Pathogens:organisms capable of causing disease
Pathogenesis: the process of generating disease
Pathogenicity: ability of a pathogenic substance to cause disease.

Infective: those where the pathogen can enter, survive, and multiply in the host.

Virulence: the strength of different organism or degree of pathogenicity.

Invasiveness: the capacity to enter and grow on tissues of the host.

Etiology: cause of disease.

Three levels of disease:

Five classifications of disease
Congenital and heredity
Allergies and inflammatory
Degenerative or chronic

Communicability: ability to be spread.

Classification by cause:
Intestinal discharge
Open sores/lesions
Zoonosis or vector born
Fomite born

Classification by microbe source:

Classification by formite:

Herd immunity: if most of the people in a population are protected, the chances or an epidemic are minimized. (immunizations)

Three factors to controlling communicable disease:
Remove, eliminate or contain the cause or source
Disrupt and block the chain of transmission
Protect susceptible populations.

Environmental controls:
Providing clean water, sewage, nutrition, animals and public utilities, etc.

Host related controls:

4 levels of quarantine:
modified quarantine
complete quarantine

People to know:

Hippocrates: recognized airborne disease, atomic particles, etc.

Syndenham: (1600’s) advocated hygiene principles and began classifying disease states.

Lind: (1700’s) Scurvey epidemic in sailers. By identifying nutritional effects on disease he also observed the sources of causation, place, time, and season.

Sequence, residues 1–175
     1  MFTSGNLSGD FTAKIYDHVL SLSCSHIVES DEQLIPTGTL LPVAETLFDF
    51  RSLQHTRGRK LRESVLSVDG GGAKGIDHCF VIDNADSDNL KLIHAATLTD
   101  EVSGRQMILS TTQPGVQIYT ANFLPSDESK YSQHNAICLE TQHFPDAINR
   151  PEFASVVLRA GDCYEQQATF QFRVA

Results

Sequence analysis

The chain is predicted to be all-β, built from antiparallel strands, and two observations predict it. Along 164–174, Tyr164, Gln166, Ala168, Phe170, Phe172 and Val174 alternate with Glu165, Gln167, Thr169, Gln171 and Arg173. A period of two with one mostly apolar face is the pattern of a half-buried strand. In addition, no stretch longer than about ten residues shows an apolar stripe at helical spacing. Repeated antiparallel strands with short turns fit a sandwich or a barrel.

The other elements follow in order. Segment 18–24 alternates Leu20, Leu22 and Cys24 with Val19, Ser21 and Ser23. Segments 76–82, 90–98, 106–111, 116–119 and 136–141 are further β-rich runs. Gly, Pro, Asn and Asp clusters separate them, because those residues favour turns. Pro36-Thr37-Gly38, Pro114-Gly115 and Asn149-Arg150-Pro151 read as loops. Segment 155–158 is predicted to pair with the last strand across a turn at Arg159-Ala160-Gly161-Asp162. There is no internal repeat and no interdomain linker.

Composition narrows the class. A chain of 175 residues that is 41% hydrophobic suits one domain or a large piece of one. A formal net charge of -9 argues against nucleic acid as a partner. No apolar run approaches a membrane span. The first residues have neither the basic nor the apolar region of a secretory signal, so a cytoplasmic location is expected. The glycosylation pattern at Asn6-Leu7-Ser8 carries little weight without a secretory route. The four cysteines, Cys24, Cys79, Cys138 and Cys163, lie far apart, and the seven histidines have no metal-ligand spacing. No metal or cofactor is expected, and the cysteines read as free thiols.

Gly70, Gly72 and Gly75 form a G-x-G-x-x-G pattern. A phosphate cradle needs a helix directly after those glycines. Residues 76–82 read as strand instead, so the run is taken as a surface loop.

Jesty: (1774) Smallpox.
Jenner: (1700’s) Smallpox. More widely known.

Semmelweis: (1800’s) Childbed fever.

Snow: (1800’s) Cholera epidemic

Pasteur: (1800’s) vaccine

Koch: (1800) Methodology. Showed world first picture of microorganism. Pioneered the identification of microorganisms….

Leuwenhooek and Drebel: Microscope

Graunt: Drew up bill or mortality and other vital statistics.

Ramazzini: Italian guy who was interested why certain workers went blind. Advent of occupational health and industrial hygiene epidemiology.

Typhoid Mary: Early 1900’s cook responsible for large outbreak of typhoid. Illustrated the need to track carriers and control food supplies etc..

Note: nutrition one aspect of early epidemiology as deficiencies were correlated with disease such as ricketts, night blindness, etc.

Two types of epidemics:

Common source epidemic: where everyone gets it from the same place such as food poisoning at a picnic from bad potatoe salad.

Propagated or progressive source epidemic: where an outbreak occurs and then is spread from person to person, fomite, vectors, etc. Cannot chart a clean curve.

Vital statistics include all major life events combined with health and other status information such as on the census.
Vital events registrations include births, marriage, divorce, death.

Sources for vital stats include:

National vital stats center
National survey of family growth
National health interview survey
National health and nutrition exam survey
Natinal master facility inventory
National hospital discharge survey
National nursing home survey
AIDS surveillance
National notifiable diseses surveillance system.
Abortion surveillance x 2 sources
US immunization survey
National occupational exposure survey
National survey on drinking and drug abuse
Mental health organizations.
National health expenditures
Surveillance, epidemiology and end results program
Consumeer price index
Employment and earnings
Environmental protection agency
World health org.

Types and osurces of data for descriptive stats

Nominal: classify using categories that lack numbers such as age, gender, race. Parametric

Ordinal: Heiarchial classification of categories such as a ligert scale 1-5.

Interval: No zero point. Tells absolute value between categories or units of measurment

Ration: Has a zero point and tells value between categories.